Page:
• 8. Nilsson, F
    et al.
    Hallstensson, Karin
    RISE, SP – Sveriges Tekniska Forskningsinstitut, SP Kemi Material och Ytor.
    Johansson, Kenth S
    RISE, SP – Sveriges Tekniska Forskningsinstitut, SP Kemi Material och Ytor.
    Umar, Z
    Hedenqvist, MS
    Predicting solubility and diffusivity of gases in polymers under high pressure: N2 in polycarbonate and poly(ether-ether-ketone)2013In: Industrial & Engineering Chemistry Research, ISSN 0888-5885, E-ISSN 1520-5045, Vol. 52, no 26, p. 8655-8663Article in journal (Refereed)
    Abstract [en]

    The aim of this study was to develop a model that predicts the gas solubility and the sorption and desorption kinetics in polymer granulates over large temperature and pressure intervals. Besides the part predicting the solubility and diffusivity, the model involves the simultaneous solution of the diffusion equation and the heat equation in three dimensions using a finite element method (FEM). When the temperature- and pressure-dependent solubility of a specific polymer/gas combination is not known, an improved version of the non-equilibrium lattice fluid model (NELF) is used to predict the solubility. The improvement of the NELF model includes the use of Hansen's solubility parameters, and it uses pressure-volume-temperature (PVT) data from two new empirical models, which accurately estimate polymer densities over a wide range of temperatures and pressures. The new solubility model predicted the solubility-pressure data of N2 in poly(ethyl methacrylate) and N 2 and CH4 in polycarbonate (PC) at pressures below 4.5 MPa, without using any adjustable interaction parameters. The model was used to predict the solubility of N2 in poly(ether-ether-ketone) (PEEK) and PC at a very high pressure (67 MPa). Experimental N2 solubility data were obtained with a specially built reactor yielding high pressure and temperature. For PEEK, it was possible to predict the very high pressure solubility using a gas-polymer interaction parameter obtained from data taken at low pressures. In addition, a new free-volume-based diffusivity model requiring no adjustable interaction parameters was developed, and it successfully predicted the desorption kinetics of N2 from PEEK and PC.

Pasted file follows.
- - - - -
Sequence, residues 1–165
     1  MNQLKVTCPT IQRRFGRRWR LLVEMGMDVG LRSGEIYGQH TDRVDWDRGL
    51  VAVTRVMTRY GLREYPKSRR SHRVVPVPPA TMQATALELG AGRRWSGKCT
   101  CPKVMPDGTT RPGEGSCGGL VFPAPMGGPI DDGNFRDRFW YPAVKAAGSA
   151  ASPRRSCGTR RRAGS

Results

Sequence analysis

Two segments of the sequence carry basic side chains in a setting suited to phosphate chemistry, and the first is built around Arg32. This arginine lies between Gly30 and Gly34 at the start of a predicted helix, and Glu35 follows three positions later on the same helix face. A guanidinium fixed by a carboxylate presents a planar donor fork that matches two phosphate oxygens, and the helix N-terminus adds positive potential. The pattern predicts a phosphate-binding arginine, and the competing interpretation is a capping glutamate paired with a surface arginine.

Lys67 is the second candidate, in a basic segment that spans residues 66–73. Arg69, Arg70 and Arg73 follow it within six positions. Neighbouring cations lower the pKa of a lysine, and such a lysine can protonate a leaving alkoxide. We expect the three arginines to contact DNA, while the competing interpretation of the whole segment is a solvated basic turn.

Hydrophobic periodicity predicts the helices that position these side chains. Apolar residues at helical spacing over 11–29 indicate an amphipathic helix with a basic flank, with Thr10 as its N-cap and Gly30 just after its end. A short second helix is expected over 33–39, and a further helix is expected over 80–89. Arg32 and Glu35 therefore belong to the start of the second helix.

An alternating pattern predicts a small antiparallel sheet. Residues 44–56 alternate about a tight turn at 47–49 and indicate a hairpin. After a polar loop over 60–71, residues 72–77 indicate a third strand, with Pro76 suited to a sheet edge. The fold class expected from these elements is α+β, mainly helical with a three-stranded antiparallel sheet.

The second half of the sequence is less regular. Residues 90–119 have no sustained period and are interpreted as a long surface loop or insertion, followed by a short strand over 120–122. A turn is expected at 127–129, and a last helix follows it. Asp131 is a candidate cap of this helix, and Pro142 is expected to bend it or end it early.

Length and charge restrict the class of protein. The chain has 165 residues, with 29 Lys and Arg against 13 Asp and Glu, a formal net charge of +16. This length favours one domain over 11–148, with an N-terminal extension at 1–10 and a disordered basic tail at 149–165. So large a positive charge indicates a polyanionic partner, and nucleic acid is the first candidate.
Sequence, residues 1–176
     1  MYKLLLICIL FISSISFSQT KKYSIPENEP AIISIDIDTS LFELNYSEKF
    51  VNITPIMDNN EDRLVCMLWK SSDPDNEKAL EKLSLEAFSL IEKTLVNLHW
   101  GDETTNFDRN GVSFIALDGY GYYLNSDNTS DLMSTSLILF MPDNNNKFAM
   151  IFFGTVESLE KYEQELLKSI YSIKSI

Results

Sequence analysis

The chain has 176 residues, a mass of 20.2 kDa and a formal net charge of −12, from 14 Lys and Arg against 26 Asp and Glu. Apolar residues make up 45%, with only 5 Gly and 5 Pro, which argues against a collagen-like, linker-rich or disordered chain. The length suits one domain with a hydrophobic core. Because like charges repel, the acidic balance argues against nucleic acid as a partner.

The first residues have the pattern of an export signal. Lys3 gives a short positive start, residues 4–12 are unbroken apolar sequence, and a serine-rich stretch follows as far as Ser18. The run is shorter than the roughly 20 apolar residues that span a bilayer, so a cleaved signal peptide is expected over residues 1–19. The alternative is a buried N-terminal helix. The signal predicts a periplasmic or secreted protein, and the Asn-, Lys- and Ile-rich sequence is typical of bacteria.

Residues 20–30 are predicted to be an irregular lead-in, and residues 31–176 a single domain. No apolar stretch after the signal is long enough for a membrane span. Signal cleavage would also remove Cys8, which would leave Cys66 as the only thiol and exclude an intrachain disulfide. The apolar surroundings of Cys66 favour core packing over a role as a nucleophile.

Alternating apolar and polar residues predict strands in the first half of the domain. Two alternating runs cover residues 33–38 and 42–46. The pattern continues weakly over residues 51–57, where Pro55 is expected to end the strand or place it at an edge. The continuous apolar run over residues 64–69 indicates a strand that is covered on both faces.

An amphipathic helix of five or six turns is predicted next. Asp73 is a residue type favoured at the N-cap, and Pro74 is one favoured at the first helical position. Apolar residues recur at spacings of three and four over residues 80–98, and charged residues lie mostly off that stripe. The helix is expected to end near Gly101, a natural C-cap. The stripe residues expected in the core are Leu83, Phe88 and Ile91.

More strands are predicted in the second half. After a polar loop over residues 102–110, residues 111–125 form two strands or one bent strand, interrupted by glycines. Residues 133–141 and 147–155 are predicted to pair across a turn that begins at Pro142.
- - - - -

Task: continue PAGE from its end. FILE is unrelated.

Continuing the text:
• 9. Nilsson, F
    et al.
    Hallstensson, Karin
    RISE, SP – Sveriges Tekniska Forskningsinstitut, SP Kemi Material och Ytor.
    Johansson, Kenth
    RISE, SP – Sveriges Tekniska Forskningsinstitut, SP Kemi Material och Ytor.
    Umar, Z
    Hedenqvist, MS
    Predicting solubility and diffusivity of gases in polymers under high pressure: N2 in polycarbonate and poly(ether-ether-ketone)2013In: Industrial & Engineering Chemistry Research, ISSN 0888-5885, E-ISSN 1520-5045, Vol. 52, no 26, p. 8655–8663-Article in journal (Refereed)
    Abstract [en]